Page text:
image taken at OWL Bakery on our recent stop in Asheville, NC
When I look towards the year ahead, the year in which I turn 30, I’m particularly struck by the ideas of resilience and strength, qualities that are so rooted in regarding one’s life with wondrous appreciation and grace. It’s a key component to thriving with hope and joy that I’ve been lacking. 2017 is about cultivating positivity, working to shift my focus and redirect some of my misplaced emotions and unproductive conclusions. In that sense, my intentions for 2017 are not entirely different from years past and there are several things that remain ongoing works in progress.
I have plans to expand on this subject later, but in short, a major priority is to invest in friendships even when I feel misunderstood or alone in my experiences. I completely failed in that area during 2016. I was so convinced these relationships would just naturally happen without too much work, but the difference now is that I’m actively praying, putting myself in challenging social situations, and engaging in conversations with my best friend (who sadly moved to another country) and husband about ways to improve. I want to reach out and pursue others though it terrifies me, and not simply as an empty remedy to the loneliness I’ve felt the last year. There shouldn’t be a pressure to find deep, life-long intimacy, but I still need to explore how to better engage others, meet new people (especially at church), and grow the relationships I already have.
Another priority is to pursue knowledge and truth–anything that promotes healthy thinking and dialogue between others: reading scripture and praying with my husband, things we already do but long to do more fully and frequently; reading, not just for comfort, but for discomfort–to push myself to learn and study perspectives that may not be my own; finding a podcast or two that I really enjoy and listening regularly; learning a new skill or hobby; exploring with my husband and participating in more cultural activities and opportunities to engage our minds.
After all my surgeries, you’d think eating well would be the norm, but it hasn’t been and I’ve paid the price, so health is a priority this year. Everyone is different, but there’s no denying the link between my body’s ailments and coffee, sugar, gluten, and alcohol. None of them are worth regular physical pain. I’d be lying if I said a byproduct would not be to also lose weight that I’ve put on. Though I’ve had moments of confidence, I haven’t felt like myself in a long time. It’s easy to let difficult life experiences and emotional burdens drag me into a spiral of poor eating and decreased activity, but I’m ready to practice displine.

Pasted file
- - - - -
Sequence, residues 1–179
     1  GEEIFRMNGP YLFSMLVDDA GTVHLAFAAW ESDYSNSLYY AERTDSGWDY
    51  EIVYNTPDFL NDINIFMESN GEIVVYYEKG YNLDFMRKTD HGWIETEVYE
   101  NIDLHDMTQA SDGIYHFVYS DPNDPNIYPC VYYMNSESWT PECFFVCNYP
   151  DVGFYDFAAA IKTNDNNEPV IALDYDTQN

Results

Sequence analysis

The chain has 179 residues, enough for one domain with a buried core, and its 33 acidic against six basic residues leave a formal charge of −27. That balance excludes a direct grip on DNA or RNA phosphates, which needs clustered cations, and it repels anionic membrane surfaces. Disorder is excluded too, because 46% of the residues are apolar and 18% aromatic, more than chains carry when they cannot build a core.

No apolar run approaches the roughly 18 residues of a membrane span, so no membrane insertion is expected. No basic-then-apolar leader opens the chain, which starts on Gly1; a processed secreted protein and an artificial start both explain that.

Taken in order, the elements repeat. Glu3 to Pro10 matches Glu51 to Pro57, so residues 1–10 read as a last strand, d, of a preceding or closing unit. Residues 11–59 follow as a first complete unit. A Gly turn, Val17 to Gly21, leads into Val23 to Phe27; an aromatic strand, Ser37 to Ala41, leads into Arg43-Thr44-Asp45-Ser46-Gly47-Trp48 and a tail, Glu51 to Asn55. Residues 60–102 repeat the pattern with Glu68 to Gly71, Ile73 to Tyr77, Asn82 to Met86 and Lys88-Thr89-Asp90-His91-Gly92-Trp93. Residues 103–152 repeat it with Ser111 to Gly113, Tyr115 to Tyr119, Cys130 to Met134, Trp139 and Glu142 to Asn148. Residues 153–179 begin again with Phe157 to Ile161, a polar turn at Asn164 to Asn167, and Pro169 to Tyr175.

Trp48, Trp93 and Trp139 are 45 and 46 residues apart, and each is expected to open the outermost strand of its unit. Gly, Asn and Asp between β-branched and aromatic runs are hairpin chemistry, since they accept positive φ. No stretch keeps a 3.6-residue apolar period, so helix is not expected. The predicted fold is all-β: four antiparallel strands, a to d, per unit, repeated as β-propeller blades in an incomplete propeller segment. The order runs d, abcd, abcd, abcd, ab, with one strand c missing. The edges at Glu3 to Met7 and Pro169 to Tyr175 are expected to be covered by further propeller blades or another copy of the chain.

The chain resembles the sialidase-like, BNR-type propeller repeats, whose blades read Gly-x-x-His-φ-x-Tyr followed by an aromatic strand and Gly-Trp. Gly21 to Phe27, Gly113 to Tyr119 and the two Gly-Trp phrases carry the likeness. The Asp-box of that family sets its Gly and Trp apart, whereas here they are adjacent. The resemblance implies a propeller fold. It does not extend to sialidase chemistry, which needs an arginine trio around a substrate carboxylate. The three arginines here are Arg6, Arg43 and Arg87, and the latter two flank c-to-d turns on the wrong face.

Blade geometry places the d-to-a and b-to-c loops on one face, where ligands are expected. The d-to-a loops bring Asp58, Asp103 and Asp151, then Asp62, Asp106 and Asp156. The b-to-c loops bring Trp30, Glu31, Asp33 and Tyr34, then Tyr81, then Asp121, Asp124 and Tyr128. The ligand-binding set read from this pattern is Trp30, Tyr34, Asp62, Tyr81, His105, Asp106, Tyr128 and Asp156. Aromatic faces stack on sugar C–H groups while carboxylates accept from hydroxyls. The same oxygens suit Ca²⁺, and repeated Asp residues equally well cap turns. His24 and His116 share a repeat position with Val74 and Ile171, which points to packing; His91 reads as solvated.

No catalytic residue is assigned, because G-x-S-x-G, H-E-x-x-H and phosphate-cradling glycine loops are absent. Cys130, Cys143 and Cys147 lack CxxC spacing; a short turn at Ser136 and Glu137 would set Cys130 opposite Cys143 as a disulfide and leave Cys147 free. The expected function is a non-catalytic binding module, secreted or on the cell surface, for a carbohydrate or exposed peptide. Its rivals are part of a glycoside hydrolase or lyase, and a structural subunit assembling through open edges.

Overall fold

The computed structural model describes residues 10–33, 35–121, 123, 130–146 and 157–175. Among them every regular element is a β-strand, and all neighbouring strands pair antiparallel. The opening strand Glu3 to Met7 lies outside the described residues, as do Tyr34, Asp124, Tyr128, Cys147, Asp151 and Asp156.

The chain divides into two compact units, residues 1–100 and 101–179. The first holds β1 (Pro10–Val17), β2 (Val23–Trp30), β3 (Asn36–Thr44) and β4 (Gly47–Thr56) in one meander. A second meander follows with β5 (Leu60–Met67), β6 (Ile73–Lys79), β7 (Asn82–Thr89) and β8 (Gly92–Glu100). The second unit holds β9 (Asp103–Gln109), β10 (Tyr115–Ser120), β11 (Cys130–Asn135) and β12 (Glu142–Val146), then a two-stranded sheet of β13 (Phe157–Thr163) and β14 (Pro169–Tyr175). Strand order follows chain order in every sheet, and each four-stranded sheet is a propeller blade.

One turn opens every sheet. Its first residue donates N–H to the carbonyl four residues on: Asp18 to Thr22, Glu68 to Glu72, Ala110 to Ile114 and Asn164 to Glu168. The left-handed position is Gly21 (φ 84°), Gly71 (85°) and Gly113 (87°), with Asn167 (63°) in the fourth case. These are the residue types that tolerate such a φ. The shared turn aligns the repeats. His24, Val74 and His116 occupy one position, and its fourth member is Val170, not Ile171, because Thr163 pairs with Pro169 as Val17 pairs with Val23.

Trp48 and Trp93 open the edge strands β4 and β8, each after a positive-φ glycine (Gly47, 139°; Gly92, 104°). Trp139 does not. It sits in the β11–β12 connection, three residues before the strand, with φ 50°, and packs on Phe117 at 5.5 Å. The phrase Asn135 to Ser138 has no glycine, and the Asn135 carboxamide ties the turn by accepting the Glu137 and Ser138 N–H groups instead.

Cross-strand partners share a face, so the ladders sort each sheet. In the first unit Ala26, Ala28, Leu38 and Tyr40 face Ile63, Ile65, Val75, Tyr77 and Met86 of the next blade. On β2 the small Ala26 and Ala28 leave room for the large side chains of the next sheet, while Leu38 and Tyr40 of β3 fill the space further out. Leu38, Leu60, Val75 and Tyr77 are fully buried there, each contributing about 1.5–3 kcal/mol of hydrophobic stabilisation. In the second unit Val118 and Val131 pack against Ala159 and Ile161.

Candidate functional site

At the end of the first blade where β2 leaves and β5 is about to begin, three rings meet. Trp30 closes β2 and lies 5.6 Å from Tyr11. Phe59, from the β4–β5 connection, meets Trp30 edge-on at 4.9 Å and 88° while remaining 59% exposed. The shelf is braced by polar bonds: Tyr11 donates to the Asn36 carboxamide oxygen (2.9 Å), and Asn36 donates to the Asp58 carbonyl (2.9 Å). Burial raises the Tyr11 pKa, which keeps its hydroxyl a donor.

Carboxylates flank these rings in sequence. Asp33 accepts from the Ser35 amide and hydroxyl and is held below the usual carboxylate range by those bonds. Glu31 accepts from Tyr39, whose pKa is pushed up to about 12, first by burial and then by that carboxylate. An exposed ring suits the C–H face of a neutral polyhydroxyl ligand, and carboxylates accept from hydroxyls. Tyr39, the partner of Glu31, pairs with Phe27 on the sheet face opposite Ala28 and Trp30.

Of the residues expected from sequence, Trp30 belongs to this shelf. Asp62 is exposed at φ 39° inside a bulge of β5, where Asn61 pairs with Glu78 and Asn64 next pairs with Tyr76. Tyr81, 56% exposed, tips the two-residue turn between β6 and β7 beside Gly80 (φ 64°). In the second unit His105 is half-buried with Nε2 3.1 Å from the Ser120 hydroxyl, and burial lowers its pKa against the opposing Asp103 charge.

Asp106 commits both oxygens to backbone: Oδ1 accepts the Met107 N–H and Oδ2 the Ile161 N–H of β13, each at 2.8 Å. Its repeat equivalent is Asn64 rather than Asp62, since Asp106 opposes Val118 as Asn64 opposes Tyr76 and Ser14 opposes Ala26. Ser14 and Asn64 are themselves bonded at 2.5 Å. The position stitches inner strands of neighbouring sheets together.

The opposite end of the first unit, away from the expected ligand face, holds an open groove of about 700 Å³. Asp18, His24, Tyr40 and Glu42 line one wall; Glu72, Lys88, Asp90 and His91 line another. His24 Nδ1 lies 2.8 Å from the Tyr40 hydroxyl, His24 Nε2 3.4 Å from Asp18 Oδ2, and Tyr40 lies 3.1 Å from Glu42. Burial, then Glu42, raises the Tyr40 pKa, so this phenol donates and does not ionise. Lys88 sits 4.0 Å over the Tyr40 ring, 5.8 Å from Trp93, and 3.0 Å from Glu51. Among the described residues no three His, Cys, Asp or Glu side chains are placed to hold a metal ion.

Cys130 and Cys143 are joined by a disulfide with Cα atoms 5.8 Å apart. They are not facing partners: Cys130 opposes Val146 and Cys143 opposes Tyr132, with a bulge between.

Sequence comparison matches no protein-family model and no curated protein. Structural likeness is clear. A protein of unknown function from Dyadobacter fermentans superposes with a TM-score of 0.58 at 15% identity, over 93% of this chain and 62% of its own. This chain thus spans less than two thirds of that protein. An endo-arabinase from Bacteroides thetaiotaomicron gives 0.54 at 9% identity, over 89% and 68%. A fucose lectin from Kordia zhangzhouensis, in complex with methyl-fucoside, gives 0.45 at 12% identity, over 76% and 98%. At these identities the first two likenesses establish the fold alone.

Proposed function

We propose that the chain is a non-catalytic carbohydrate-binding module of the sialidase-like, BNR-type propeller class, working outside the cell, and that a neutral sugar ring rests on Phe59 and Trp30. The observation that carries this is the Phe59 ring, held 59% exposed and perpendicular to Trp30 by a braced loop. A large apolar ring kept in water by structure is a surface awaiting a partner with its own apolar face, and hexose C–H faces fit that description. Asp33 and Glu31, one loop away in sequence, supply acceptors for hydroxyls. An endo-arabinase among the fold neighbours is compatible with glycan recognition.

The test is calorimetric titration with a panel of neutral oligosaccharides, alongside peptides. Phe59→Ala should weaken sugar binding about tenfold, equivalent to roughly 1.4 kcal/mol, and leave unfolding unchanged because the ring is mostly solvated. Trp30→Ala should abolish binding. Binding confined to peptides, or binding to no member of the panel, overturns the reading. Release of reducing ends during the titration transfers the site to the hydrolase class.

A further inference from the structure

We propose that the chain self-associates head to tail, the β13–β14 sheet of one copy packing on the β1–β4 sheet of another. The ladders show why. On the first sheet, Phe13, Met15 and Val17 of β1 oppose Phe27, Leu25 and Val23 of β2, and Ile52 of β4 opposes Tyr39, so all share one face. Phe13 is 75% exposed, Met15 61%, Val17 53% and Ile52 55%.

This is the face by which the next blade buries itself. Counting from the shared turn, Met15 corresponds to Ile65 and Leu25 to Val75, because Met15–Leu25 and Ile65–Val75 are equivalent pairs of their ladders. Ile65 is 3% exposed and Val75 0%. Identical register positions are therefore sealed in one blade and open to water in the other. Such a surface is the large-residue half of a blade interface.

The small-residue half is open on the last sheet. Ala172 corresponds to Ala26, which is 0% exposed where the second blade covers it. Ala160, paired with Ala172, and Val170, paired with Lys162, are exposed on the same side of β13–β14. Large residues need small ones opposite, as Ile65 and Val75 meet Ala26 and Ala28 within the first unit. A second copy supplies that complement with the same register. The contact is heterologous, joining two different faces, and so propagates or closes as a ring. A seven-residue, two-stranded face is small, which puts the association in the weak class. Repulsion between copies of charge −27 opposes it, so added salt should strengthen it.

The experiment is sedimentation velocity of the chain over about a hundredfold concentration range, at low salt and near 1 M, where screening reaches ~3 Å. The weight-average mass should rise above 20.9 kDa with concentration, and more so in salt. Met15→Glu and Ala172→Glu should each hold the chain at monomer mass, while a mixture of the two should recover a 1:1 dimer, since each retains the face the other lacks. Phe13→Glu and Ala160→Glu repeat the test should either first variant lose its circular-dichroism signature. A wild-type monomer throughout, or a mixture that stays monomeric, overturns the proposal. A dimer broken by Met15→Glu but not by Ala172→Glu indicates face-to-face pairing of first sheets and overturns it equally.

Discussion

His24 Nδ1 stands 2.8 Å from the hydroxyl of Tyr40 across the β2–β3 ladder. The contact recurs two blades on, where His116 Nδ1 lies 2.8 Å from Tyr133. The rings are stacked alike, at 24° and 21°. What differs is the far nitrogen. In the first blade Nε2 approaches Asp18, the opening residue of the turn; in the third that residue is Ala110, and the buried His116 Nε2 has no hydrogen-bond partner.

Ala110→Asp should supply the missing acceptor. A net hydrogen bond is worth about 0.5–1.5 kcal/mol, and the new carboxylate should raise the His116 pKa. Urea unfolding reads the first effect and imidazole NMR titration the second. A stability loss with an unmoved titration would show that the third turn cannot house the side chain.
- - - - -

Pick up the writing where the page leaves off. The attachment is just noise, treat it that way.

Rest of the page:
During the winter it’s not uncommon to feel oppressed by the cold, dark days. I myself retreat inward, which is often not a positive thing. Being thoughtful, intentional, and critical without letting it consume is an art worth practising. A recent post about the dangers of the hyper-examined life has been on my mind a lot. My husband has said that both my greatest gifts and biggest weaknesses are my sensitive heart and introspective nature. I felt this article was written precisely for me:
The hyper-examined life is exhausting. Life, including the Christian life, isn’t meant to be lived by way of nonstop self-appraising and people-pleasing. A day-in, day-out regiment of the hyper-examined life leads inevitably to burnout, frustration, and a nagging sense of unfulfilled desire not based in reality.
By contrast, the well-examined life is not driven by fear or compulsive self-searching but by a humble desire for grace. Personal failures are not meant to be endlessly agonized over but repented of, with confidence in God’s provision for forgiveness and transformation (2 Cor. 7:10). Confidence in the mercies of God disarms paralyzing fear, if we live life knowing that poorly made or even sinful decisions don’t exist outside the scope of God’s plans and promises for us (Rom. 8:38–39).
Instead of meandering from one thing to the next in search of the emotional fulfillment that always feels out of reach, living the well-examined life frees us to drop self-preoccupation and learn the virtues of gratitude and contentment. –Samuel James on The Gospel Coalition
Here’s to not allowing excessive introspection and fear prevent me from living well in 2017. Lord, help me seek diversity in experiences, perspectives, relationships, and means through which I strive to know you better. Help me reject indifference and make time to slow down and welcome failure as part of growth and joy in you.
And here are a few other things that have been on my mind so far this year: a case for drinking celery juice, a personal definition of minimalism that struck me in particular, and no-pressure tips on how to make friends.